So that is that. HOWEVER it is often very easy for someone who doesn't know quite what they are doing to use a tool like a prong, E-collar, etc incorrectly and thus inadvertently punish a dog. Timing is the ESSENTIAL difference between negative reinforcement and positive punishment, and that can make things tricky. It takes practice. And, with an aversive stimulus like a prong collar, it can be hard for a sensitive dog to forgive a trainer who gets their timing wrong. A less sensitive dog might cheerfully withstand hours of badly timed stimulation and still not know a thing. All dogs are different, and using any tool incorrectly can create a bigger problem than it solves.
 

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I find harnesses just increase the pulling & find a good redirection & changing the direction etc & of course praising loose leash moments.
 

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I often wonder about the underside of a dogs neck with prong collars, as could not imagine it be anything but quite nasty feeling 1 of those prongs sticking into 1's windpipe.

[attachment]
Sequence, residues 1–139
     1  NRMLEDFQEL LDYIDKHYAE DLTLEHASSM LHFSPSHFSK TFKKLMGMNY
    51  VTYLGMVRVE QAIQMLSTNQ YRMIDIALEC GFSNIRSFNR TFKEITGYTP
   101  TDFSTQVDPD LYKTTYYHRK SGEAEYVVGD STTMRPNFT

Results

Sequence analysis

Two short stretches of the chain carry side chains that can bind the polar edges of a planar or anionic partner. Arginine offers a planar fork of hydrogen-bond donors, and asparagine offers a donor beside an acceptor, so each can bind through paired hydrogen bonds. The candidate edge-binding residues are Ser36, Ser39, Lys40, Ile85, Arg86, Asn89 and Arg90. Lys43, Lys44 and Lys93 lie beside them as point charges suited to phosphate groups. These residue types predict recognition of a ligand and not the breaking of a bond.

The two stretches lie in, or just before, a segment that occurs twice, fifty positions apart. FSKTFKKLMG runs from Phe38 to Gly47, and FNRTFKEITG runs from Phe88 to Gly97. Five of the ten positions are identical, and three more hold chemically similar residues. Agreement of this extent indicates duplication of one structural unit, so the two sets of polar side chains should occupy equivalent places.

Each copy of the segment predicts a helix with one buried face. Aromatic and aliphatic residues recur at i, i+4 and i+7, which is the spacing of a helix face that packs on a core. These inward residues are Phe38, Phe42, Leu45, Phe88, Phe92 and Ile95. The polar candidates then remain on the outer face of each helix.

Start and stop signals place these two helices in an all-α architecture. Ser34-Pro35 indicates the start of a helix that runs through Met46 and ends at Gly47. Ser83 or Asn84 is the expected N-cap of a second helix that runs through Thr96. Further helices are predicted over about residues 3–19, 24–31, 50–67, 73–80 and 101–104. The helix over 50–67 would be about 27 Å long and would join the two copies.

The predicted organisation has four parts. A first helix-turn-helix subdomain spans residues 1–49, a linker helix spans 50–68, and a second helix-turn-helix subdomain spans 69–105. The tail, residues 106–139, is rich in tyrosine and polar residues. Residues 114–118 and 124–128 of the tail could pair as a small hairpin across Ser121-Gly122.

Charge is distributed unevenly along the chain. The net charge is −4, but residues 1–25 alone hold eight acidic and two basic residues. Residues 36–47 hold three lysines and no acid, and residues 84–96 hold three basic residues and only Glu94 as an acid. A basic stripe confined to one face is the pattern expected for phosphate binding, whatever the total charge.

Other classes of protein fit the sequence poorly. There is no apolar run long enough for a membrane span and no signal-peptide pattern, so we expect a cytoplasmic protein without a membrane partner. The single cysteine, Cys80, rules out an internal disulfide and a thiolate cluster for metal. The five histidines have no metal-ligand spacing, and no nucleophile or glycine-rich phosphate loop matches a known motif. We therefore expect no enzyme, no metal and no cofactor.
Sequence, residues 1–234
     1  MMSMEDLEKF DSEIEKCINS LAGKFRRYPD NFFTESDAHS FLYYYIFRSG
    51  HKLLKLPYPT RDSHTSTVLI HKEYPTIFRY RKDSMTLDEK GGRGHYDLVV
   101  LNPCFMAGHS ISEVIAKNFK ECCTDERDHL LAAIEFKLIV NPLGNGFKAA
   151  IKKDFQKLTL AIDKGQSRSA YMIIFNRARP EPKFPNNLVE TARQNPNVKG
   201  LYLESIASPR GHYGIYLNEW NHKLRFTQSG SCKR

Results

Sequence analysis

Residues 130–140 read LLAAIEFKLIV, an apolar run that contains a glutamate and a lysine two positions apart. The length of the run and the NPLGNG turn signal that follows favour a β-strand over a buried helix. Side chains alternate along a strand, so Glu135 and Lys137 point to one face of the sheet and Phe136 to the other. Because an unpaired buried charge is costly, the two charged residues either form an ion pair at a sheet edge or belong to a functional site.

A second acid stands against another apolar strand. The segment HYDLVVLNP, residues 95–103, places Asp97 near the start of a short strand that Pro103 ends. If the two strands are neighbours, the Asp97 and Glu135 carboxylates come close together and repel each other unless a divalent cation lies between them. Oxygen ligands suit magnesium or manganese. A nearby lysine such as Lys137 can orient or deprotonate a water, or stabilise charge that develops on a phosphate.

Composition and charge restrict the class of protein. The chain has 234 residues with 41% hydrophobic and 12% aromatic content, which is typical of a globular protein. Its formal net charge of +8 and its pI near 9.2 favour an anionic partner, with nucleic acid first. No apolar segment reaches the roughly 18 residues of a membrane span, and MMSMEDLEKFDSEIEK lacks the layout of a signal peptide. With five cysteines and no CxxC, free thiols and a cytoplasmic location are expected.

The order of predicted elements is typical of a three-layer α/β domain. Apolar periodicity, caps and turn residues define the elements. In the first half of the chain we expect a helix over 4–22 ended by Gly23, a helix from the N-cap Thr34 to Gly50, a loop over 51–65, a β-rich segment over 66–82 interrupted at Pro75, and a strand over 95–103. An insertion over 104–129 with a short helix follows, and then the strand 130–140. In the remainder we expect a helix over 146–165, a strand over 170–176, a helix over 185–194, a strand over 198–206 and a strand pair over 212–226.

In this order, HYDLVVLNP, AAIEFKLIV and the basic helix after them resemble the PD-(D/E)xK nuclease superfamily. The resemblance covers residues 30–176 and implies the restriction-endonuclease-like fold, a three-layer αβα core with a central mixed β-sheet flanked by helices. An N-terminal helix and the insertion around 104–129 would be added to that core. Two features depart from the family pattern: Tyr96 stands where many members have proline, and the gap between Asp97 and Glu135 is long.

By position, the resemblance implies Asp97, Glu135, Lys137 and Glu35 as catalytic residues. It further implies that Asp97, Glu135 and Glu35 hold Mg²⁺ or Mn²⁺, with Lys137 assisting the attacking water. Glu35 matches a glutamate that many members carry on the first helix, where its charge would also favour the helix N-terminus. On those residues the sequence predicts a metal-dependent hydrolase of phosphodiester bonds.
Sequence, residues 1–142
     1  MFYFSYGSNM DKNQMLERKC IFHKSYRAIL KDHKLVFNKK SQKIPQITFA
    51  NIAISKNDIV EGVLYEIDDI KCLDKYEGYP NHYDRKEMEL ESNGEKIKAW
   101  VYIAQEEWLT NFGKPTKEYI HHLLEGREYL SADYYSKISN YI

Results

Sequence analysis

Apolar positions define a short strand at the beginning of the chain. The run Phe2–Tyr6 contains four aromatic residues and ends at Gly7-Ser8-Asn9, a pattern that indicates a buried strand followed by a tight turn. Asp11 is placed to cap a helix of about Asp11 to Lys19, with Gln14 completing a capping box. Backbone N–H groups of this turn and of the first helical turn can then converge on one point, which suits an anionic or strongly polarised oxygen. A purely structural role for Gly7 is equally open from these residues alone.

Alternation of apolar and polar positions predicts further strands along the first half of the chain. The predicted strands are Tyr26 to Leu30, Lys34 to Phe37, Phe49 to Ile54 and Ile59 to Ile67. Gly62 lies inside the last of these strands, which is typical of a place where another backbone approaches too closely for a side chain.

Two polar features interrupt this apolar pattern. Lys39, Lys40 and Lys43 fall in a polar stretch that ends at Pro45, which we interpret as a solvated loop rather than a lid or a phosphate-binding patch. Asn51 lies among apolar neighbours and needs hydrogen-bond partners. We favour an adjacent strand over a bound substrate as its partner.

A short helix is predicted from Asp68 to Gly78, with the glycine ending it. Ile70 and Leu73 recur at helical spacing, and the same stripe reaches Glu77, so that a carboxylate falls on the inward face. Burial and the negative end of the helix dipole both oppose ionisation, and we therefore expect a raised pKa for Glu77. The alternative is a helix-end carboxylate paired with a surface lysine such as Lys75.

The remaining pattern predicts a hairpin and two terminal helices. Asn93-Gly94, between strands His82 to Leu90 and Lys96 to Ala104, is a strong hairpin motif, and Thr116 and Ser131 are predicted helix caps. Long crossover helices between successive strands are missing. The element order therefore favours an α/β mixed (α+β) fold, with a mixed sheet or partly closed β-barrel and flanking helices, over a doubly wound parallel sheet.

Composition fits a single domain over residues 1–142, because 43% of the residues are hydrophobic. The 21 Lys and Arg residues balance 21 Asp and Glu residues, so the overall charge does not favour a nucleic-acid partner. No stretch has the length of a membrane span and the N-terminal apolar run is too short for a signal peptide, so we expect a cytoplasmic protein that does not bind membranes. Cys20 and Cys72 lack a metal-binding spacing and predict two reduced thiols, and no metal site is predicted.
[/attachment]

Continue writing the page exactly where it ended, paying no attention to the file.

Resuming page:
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You know I was actually being a nerd yesterday and watching mythbusters and something relevant to this came up. They were testing a myth that said a motorcyclist could be killed by an impact with a large bug. Not that the bug will cause an accident and the accident kills the driver, but that the impact itself with the bug can be fatal.

Well, they talked to a doctor and found that the very worst spot to be hit is actually the front of the throat where the trachea/esophagus is. It's a very weak area and according to the doctor, a hit of only 50 or so pounds of pressure per square inch can kill you. It isn't an instantaneous kill, but the swelling that will quickly follow will suffocate you.

A single stationary house fly generated 10 PSI when hit at 85mph. A stationary Cicada about 40. You could realistically be killed by a bug while you are on a motorcycle if it hits you on the throat.

I personally don't see why a dog's throat would be any different. There's nothing on the underside that would provide protection...I can feel Tigger's throat and feel the ridges of his trachea just like I can on mine. And with most dogs weighing much, much less than a human....The amount of pressure they could handle must also be significantly less. It's no wonder small dogs are prone to a collapsed esophagus. Even a flat collar is dangerous, considering the data.

I always used to walk my dogs with just a collar...They're all trained not to pull. But I think now I'm going to get harnesses and use them from now on, just in case. All it would take is one good, powerful lunge with the collar in the right spot.